David Kirkpatrick

November 3, 2009

Breakthrough in large-scale nanotube processing

Via KurzweilAI.net — These manufacturing breakthroughs aren’t as exciting and sexy as a groundbreaking medical application or replacing copper wiring with carbon nanotubes or graphene, but they are key to turning nanotechnology into a viable industry.

Breakthrough In Industrial-scale Nanotube Processing
ScienceDaily, Nov. 3, 2009

Rice University scientists have unveiled a method for high-throughput industrial-scale processing of carbon-nanotube fibers, using chlorosulfonic acid as a solvent.

The process that could lead to revolutionary advances in materials science, power distribution and nanoelectronics.


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September 3, 2008

Using nanotech to improve electronics and energy

Filed under: Science, Technology — Tags: , , , — David Kirkpatrick @ 10:05 pm

From KurzweilAI.net — Nanonets made of silicon and titanium wires crank up the surface area and improve electronics and energy usage and apps.

Scientists Grow ‘Nanonets’ Able To Snare Added Energy Transfer
ScienceDaily, Sep. 3, 2008

Boston College chemists have produced nanonets, a flexible webbing of self-assembling nanoscale titanium and silicon wires that multiplies surface area, critical to improving the performance of the wires in electronics and energy applications.

Test shows improved performance in the material’s ability to conduct electricity and ability to absorb light across a wide range of the solar spectrum.

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Cloak of invisibility meet your master

Filed under: Science, Technology — Tags: , , , , — David Kirkpatrick @ 10:02 pm

From KurzweilAI.net — I’ve blogged on invisibility cloaks and their feasibility here and here. Now all that excitement may be undone.

From the final link:

‘Invisibility Cloak’ Undone
ScienceDaily, Sep. 3, 2008Chinese scientists have proposed a theoretical “anti-cloak” that would partially cancel the effect of an invisibility cloak.

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PhysOrg covered this as well with a some detail on what the anti-cloak is actually about and how it could be implemented.

An even greater problem for anyone who has aspirations to be concealed in public one day is that invisibility achieved through transformation media is a two-way street. With no light penetrating a perfect invisibility cloak, there would be no way for an invisible person to see outside. In other words, invisible people would also be blind—not exactly what Harry Potter had in mind.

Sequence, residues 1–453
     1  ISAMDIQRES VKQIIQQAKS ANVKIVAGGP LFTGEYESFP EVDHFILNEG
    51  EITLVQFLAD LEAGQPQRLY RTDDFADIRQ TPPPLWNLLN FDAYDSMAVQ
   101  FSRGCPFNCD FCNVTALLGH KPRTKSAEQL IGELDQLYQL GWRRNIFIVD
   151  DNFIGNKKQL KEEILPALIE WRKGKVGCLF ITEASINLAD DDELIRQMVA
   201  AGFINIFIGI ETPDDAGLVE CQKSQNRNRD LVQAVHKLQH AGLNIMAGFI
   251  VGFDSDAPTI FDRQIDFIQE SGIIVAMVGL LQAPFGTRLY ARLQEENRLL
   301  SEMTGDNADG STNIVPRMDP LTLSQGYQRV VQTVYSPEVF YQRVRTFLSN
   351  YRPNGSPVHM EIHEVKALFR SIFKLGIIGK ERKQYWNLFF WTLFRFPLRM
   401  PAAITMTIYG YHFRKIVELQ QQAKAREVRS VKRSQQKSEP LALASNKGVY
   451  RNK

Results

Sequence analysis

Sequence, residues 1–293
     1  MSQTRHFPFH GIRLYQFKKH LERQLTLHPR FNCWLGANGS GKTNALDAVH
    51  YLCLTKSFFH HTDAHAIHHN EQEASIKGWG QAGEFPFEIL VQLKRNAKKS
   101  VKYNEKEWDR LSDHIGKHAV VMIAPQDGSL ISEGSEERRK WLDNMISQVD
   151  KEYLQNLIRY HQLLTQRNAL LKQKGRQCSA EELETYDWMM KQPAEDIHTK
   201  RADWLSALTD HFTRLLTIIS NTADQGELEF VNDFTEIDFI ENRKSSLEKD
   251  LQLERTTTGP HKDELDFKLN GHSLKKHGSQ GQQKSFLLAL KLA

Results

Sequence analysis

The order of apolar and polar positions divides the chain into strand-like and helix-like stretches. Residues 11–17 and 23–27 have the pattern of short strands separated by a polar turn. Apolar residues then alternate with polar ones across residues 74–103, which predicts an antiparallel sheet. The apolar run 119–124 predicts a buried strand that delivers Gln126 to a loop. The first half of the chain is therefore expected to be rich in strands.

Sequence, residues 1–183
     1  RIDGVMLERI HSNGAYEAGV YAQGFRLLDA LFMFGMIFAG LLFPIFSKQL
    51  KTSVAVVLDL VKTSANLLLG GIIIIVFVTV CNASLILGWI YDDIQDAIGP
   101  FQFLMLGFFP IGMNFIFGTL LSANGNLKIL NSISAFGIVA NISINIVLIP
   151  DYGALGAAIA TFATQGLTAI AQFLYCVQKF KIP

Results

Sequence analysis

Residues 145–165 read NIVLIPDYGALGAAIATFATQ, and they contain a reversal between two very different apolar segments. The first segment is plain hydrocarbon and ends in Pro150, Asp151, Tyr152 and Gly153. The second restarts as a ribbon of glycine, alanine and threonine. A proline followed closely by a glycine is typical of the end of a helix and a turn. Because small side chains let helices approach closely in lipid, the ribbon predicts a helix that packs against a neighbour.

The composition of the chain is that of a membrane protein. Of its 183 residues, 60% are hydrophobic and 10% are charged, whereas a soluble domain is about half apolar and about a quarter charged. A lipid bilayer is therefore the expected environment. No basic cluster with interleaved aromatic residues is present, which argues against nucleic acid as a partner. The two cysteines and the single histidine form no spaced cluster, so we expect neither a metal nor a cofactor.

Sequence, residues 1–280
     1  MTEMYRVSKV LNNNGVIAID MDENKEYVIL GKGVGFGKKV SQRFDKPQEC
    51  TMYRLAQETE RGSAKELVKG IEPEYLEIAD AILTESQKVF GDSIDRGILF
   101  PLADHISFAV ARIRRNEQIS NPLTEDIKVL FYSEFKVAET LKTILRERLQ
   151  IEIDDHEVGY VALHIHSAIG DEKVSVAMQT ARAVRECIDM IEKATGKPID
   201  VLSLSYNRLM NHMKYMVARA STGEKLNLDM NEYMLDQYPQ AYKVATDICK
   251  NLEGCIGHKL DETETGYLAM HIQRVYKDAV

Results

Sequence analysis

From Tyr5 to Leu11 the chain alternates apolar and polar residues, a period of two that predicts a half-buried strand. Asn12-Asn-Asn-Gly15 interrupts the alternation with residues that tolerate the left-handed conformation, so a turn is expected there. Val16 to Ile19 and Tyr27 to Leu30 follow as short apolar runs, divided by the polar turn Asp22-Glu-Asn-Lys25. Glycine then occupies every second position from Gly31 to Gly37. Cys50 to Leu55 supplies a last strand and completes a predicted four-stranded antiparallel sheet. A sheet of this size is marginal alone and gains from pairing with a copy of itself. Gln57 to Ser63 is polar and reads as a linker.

But now, Chen and his colleagues have developed way to partially cancel the invisibility cloak’s cloaking effect. Their “anti-cloak” would be a material with optical properties perfectly matched to those of an invisibility cloak. (In technical jargon, an anti-cloak would be anisotropic negative refractive index material that is impedance matched to the positive refractive index of the invisibility cloak).

While an invisibility cloak would bend light around an object, any region that came into contact with the anti-cloak would guide some light back so that it became visible. This would allow an invisible observer to see the outside by pressing a layer of anti-cloak material in contact with an invisibility cloak

August 6, 2008

Making headway toward quantum computing

From KurzweilAI.net:

Breakthrough In Quantum Mechanics: Superconducting Electronic Circuit Pumps Microwave Photons
ScienceDaily, Aug. 5, 2008

Researchers at UC Santa Barbara have used a superconducting electronic circuit known as a Josephson phase qubit to store up to six microwave photons in a superconducting microwave resonator.

The research could help in the quest to build a quantum computer.
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